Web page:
Seattle Weekly: Your new album, Twin Cinema (Matador), sounds rawer and more garagey than the first two New Pornographers albums, 2000's Mass Romantic and 2003's Electric Version. Did you set out to make it that way?
Carl Newman (guitar/vocals): You really think it sounds [that way]? Good. I know Kurt [Dahle] wanted to go for a more [John] Bonham–esque kind of drum sound. There's a lot more natural reverb on things. I think the points that rock, rock harder than any other of the records, like that guitar solo at the end of "The Jessica Numbers."
The lineup keeps expanding from album to album–at first it was basically seven people, and now there are nine, with Kathryn Calder and Nora O'Connor.
My niece, Kathryn, is a real ringer—she's amazing on keyboards and a great singer. She's really the only new person. [O'Connor] never plays with us live. She's a friend we use as a session vocalist. On Electric Version, we used her because we basically couldn't get Neko [Case, vocalist] as much as we needed her. Nora's the female singer on four songs on [that album]; it's funny, because nobody's ever really noticed. I want the band [to] just sound like a band, not like a bunch of individuals. With [Twin Cinema], people are going, "I can't tell who's singing." I think, "That's good. Who cares who's singing?"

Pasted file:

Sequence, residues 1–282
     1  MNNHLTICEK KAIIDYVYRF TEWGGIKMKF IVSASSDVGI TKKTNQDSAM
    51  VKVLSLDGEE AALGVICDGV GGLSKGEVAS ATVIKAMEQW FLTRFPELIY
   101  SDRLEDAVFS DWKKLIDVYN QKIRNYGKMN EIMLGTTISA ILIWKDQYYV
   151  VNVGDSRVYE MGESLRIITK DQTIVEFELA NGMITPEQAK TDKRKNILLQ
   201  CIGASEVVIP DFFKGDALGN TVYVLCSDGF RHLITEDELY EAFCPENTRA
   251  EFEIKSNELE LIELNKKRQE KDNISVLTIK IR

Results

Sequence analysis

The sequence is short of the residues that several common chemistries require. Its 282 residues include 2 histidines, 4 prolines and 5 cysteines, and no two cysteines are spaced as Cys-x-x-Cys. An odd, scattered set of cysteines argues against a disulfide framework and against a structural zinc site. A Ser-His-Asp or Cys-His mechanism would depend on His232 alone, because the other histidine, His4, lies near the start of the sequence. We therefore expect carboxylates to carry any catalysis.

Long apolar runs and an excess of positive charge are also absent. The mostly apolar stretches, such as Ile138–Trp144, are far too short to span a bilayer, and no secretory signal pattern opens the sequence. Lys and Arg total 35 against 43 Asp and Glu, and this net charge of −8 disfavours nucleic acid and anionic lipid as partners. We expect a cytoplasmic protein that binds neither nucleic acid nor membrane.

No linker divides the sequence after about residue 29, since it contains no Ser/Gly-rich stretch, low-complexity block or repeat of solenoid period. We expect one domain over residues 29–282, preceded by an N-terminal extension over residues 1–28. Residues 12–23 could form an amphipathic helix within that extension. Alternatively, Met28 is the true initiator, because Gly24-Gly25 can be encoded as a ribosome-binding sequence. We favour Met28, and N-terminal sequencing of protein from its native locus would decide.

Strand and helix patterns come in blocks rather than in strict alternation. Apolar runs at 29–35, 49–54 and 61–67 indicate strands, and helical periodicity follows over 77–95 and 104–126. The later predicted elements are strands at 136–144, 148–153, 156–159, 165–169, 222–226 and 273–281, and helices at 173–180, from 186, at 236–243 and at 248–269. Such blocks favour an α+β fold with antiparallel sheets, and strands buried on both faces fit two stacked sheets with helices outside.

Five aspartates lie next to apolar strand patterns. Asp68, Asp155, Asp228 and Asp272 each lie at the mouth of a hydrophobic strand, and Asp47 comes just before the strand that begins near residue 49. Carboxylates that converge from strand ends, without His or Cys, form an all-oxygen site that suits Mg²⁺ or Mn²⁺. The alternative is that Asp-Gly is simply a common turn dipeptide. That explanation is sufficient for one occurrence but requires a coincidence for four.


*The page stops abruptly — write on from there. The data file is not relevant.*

You write most of the New Pornographers' songs but there are always a few by Dan Bejar of Destroyer. Does he bring his songs to the group differently than how you bring yours?
He lets us run with them—basically, do what thou wilt shall be the whole of the law with Dan. He trusts our instincts. A lot of the stuff we record, he's not around for it. We practice with him to get the skeletal arrangement. He'll come in and work on his songs, but sometimes we'll work without him. I look at his songs a lot differently than my own. I'm a fan of Dan, whereas with my [songs], I don't have that luxury.
There's a song on the new album called "Sing Me Spanish Techno." How much Spanish techno have you actually heard?
My girlfriend was talking about living in Spain. I said, "Well, speak some Spanish." She said all she remembered was the choruses from Spanish techno songs when she was dancing in clubs, which caused me to respond with the title of the song. That was a weird one—usually I have the music and the words come later. That one, the phrase inspired the big hook of the song. That was rare.
The New Pornographers play an in-store at Sonic Boom Ballard, 2209 N.W. Market St., 206-297-2666, at 11 p.m. Tues., Aug. 22. Free.